Sorting out the wheat from the chaff


If you’re trying to judge the prospects of your current employer — or one you’re considering trying to move to — you need to be cognizant of their true situation.

Let’s take Apple as an example, since, with the iPhone 5 product launch last month, it’s been in the news a fair bit lately.

If you judged the company by the technology press, the iPhone 5/iOS 6 was an abject failure. Article after article has appeared criticizing the company for simultaneously not pushing the envelope much farther than it did — the new product is evolutionary, not revolutionary — and for making any changes to the existing product.

Writers in the technology space get paid to anticipate possible trends. Much like the whisper numbers used in the stockbroking community to anticipate corporate results, the ideas these writers put out there take on a life of their own. Then, on product announcement day, what appears is “how the actual item compares to the mythological one worked up over the past few months” as opposed to how it might do in the market on its own merits.

Result? A lot of press about how the company is making mistakes and on the road to ruin.

Lost in the noise about “missing revolutions” and “changed ports” is the actual sales data — two million day one orders, compared to one million for the predecessor product. Does this sound like a company in trouble to you?

Now, buried in all this noise was one item of solid, real critique that did provide a weak early signal of trouble, and that’s the changes to the Maps application. Apple switched from using Google Maps to one of its own design — one with major flaws and a loss of features from what had been shipped earlier.

Apple and Google, of course, are competitors. Both know that there is revenue potential in controlling access to a mapping application — linked advertising, for one.

Tim Cook, Apple’s CEO, has issued a public apology for the poor state of the new Maps application. That shows damage control at work. Since Apple can push updated versions of the app out through the App Store update process, and through software updates to iOS, it can now follow that apology with fixes designed to close the gap their move created.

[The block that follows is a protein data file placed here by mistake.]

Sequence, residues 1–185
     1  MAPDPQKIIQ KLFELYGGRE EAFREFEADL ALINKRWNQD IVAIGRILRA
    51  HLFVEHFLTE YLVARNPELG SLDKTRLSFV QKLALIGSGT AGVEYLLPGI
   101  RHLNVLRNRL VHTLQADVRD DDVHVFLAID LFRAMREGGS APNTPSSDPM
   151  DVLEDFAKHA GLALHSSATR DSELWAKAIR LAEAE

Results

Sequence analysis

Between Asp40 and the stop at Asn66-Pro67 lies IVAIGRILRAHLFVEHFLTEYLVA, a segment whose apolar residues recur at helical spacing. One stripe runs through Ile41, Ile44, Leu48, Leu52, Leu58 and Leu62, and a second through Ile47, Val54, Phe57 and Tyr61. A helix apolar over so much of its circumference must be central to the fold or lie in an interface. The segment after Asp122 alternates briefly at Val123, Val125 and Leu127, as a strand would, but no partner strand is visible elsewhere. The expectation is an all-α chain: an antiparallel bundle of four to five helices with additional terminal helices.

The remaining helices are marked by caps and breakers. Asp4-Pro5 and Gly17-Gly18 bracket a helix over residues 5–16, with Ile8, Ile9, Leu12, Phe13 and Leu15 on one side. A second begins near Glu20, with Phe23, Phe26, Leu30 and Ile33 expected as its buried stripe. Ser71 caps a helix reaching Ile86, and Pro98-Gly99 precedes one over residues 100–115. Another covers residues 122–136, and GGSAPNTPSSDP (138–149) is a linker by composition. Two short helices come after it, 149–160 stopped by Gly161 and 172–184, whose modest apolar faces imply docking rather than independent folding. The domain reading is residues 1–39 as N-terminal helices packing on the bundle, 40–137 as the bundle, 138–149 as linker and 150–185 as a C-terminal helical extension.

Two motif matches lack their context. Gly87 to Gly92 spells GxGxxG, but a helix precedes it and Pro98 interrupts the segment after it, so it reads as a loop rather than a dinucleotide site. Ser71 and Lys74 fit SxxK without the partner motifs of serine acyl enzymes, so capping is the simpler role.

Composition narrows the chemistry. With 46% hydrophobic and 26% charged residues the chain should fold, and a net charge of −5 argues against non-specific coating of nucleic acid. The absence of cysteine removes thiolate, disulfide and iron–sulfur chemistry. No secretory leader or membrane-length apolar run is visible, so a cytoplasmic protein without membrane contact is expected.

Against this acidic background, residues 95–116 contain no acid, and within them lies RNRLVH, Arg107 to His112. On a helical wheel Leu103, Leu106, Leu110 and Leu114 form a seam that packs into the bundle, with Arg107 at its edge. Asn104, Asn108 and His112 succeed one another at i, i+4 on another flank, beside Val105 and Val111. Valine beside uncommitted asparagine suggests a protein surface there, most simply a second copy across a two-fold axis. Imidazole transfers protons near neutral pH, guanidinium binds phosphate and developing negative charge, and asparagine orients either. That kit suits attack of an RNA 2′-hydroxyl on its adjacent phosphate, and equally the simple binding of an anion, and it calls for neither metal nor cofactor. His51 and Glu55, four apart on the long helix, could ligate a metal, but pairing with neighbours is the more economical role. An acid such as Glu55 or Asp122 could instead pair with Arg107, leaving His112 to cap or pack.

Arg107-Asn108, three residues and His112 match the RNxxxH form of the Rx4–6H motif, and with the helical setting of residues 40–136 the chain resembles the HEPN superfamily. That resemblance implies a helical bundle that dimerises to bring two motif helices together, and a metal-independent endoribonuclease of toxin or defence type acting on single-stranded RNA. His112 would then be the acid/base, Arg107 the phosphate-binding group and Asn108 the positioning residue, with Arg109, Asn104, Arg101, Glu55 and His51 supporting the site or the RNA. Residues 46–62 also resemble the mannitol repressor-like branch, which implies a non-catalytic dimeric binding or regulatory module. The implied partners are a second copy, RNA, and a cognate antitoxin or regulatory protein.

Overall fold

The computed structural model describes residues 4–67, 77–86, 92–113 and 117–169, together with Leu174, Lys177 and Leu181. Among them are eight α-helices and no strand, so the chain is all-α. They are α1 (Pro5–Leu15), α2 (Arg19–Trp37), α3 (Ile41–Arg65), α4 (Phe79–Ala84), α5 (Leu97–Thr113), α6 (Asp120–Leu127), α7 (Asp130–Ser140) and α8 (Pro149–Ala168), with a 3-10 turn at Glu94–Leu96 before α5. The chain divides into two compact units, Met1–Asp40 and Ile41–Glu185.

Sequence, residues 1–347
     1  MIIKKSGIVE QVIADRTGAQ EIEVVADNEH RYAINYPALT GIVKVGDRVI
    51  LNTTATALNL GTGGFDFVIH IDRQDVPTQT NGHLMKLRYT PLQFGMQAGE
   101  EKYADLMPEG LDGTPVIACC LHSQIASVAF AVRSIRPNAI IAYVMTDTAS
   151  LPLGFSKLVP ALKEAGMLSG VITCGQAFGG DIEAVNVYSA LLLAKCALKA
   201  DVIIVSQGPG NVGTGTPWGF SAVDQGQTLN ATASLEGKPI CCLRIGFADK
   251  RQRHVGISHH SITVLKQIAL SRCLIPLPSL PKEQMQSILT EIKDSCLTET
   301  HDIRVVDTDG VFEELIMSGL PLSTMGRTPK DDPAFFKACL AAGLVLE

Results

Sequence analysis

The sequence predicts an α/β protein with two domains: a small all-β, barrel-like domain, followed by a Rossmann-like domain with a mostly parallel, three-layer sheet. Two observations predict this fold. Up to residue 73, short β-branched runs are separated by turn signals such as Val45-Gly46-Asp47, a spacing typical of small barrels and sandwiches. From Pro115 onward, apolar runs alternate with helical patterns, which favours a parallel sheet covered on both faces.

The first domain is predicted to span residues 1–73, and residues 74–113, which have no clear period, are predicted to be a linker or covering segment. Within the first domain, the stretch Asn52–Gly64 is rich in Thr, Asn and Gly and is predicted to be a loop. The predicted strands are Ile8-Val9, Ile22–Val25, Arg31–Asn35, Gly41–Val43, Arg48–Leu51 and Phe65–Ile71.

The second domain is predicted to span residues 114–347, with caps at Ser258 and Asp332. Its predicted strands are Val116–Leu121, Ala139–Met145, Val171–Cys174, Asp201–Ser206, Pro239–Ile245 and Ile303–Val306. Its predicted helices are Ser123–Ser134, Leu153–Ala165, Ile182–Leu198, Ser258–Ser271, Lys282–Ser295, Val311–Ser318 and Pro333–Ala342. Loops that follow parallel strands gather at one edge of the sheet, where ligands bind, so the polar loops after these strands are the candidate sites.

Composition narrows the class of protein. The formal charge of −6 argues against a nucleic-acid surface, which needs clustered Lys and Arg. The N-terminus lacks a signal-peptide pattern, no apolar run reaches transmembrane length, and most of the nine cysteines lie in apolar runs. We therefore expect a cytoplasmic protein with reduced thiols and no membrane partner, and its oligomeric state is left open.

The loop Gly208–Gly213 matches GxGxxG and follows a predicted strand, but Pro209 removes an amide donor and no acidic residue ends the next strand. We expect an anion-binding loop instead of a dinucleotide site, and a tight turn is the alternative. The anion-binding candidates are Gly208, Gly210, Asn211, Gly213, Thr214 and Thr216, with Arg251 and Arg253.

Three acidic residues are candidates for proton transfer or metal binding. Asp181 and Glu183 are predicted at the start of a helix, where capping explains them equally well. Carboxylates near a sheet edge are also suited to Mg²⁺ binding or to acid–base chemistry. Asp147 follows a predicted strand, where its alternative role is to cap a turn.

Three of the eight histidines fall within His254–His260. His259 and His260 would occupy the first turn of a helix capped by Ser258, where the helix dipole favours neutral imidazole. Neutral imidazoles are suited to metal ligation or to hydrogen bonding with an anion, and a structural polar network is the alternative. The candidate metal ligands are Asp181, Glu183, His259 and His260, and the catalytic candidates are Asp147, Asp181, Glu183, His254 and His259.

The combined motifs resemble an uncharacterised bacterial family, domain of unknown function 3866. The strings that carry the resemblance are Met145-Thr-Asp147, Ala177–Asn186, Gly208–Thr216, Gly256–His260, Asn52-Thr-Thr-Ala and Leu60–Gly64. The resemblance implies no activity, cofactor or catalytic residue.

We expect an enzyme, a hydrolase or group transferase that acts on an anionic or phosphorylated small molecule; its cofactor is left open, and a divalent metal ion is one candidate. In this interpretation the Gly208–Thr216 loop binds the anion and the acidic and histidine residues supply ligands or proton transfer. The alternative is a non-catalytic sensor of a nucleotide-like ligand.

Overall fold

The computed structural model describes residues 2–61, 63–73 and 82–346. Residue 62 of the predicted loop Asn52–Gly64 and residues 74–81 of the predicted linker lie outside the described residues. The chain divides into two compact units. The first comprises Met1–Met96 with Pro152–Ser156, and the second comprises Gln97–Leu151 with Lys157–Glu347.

But what does a smartphone business depend on? The developers of other apps — and this hasn’t disturbed that in the slightest.

So the ups and downs of the share price, the bleatings of the technology press (already the articles are appearing about what features iPhone 6 should have), and the like are noise. Apple’s response to their true stumble (and all firms have them) with Maps is the signal buried within it.

One of the last places you’ll get a decent signal out of the noise, by the way, with this particular market is with the carriers. All of the carriers have announced the new iPhone in their retail outlets — there’s a clear difference to their business if they don’t have this product (or are thought of as not having it) — but right now their advertising and counter staff are busy pushing competitive products.

Why? Apple has been the most effective manufacturer at controlling their product in the carrier channel. It doesn’t get carrier additions put on it. Everyone sells it at the same price. No one gets to brand the product and subsume Apple’s brand.

In other words, the carrier makes a little more money if they can direct you to another product — and maintains, a little longer, their control of the channel to market.

You can apply similar thinking (and there are many other factors not discussed here that are also a part of that) to any market segment and any set of companies in it. From that, you can begin to see if you are in the right division with a firm, in the right competitor within a market, or whether the segment itself has troubles and it’s time to consider moving on before the troubles hit.

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